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ASD Career and Technical Education Director Receives National Award
ASD Career and Technical Education (CTE) Director Missy Fraze earned the 2021-22 Project Lead the Way (PLTW) National Administrator of the Year Award, which recognizes outstanding education leaders that come up with innovative ways to engage students and families. Fraze was chosen from nominations received across the U.S.
Fraze has attended PLTW annual summits in the past and cheered on her CTE peers who received the national administer award. “I was totally surprised when I found out. It’s an honor to be recognized,” said Fraze.
Kat Walker, Dimond High School CTE teacher, Jeanette Renaudineau, CTE coordinator, and Dr. Kendrick Mock, dean of UAA College of Engineering wrote letters of support for Fraze’s nomination.
Fraze was commended for her focus on “life readiness” skills, such as social emotional competence and its importance to personal satisfaction.
“Missy has consistently voiced that our first priority is to ensure that students have the foundational skills necessary to be successful in life, and that the only person to decide if a student is successful is them. Since becoming the CTE director, every new program and every curriculum revision has included a balance of technical, professionalism and life skills,” said Renaudineau.
“That’s one of the reasons why I’ve invested in PLTW in our District across secondary schools. Students take the problem solving and communication skills they’ve learned onto their next career path. It’s critical for all our kids,” said Fraze.
CTE Adopts to Virtual Learning During 2020-21 School Year
Fraze’s biggest challenge during virtual-learning was finding creative ways to keep students engaged with hands-on CTE learning and growing team-skills. The CTE team set themselves apart investing in communication, team, and accountability skills.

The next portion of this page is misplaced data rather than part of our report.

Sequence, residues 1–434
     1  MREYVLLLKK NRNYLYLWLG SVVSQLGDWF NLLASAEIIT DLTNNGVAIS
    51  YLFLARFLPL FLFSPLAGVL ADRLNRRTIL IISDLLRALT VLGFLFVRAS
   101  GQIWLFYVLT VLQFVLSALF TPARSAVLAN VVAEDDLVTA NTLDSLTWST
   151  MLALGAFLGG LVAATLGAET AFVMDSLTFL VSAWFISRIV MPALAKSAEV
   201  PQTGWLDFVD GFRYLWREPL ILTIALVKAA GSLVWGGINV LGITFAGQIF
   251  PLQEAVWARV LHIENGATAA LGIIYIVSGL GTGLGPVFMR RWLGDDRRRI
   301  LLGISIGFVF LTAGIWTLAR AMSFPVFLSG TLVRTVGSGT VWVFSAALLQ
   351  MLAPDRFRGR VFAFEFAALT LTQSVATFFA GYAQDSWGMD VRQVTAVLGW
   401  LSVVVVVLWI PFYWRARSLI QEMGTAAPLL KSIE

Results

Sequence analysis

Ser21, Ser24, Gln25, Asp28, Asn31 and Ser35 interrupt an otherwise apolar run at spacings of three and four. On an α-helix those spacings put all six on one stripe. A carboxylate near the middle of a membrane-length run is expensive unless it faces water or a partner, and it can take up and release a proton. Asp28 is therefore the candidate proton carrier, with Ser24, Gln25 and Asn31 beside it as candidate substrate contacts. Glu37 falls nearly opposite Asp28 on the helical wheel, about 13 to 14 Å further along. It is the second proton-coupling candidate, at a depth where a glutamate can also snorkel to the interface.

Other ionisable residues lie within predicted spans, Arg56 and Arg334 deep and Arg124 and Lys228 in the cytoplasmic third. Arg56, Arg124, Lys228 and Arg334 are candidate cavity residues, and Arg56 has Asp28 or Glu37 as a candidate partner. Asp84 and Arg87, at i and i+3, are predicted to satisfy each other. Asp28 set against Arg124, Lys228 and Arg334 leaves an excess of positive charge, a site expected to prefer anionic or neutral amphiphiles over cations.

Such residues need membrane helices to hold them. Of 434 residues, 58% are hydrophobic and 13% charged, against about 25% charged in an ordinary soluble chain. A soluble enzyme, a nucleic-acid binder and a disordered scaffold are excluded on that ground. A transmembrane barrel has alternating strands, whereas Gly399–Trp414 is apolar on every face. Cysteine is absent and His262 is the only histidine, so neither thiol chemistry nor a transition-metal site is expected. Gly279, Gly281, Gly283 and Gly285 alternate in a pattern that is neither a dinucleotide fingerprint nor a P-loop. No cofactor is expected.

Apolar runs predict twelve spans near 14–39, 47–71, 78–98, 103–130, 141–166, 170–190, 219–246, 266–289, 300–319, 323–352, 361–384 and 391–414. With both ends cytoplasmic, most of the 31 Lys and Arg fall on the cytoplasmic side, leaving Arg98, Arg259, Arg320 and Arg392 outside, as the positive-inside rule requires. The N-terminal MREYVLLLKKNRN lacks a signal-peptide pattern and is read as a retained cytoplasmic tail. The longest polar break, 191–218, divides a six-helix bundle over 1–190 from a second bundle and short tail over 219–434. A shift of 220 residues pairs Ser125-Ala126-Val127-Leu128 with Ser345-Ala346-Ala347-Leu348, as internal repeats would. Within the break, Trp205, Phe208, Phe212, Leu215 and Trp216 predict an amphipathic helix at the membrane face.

“It was difficult to manage these skills during a pandemic. You had kids isolated and learning at home. At first, it was about doing what we could to get through the fourth quarter in 2020, but we game-planned in case schools didn’t open in the fall, because we knew we needed hands-on and applied learning – which kids really thrive with,” said Fraze.
Fraze formed a team of 70 educators last summer to find a way to include contextualization and hands-on learning in an online environment – challenging them to scale CTE classrooms via an at-home kit students could use. Once culinary, construction, engineering, and bio-medical teachers finished brainstorming, #HandsOnAtHome became the CTE mantra.
“The goal was to keep students engaged and learning, despite being stuck in front of a computer,” said Fraze. Students and families received home kits, such as a mock-wall of a home that featured framing studs, headers, and wiring. The successful collaboration between carpentry and electrical teachers garnered positive feedback from families who looked forward to the next kit.
Being College Ready, Career Ready, and Life Ready
The ASD School Board’s adoption of College, Career, and Life Ready goals is a step forward for student engagement and getting students to think about their future. Through Fraze’s leadership, these pathways are being created.
The transition for students from middle to high school is an emphasis going forward for Fraze, where CTE students are already graduating at a 97% rate.
There will be a renewed focus on helping students understand their likes and dislikes as they transition into high school and choose class credits. “We can all have 22.5 credits as a goal, but that doesn’t necessarily align to student’s future and having them think about which courses to take. It’s all about engaging with them so they think about how their education ties into their future,” said Fraze.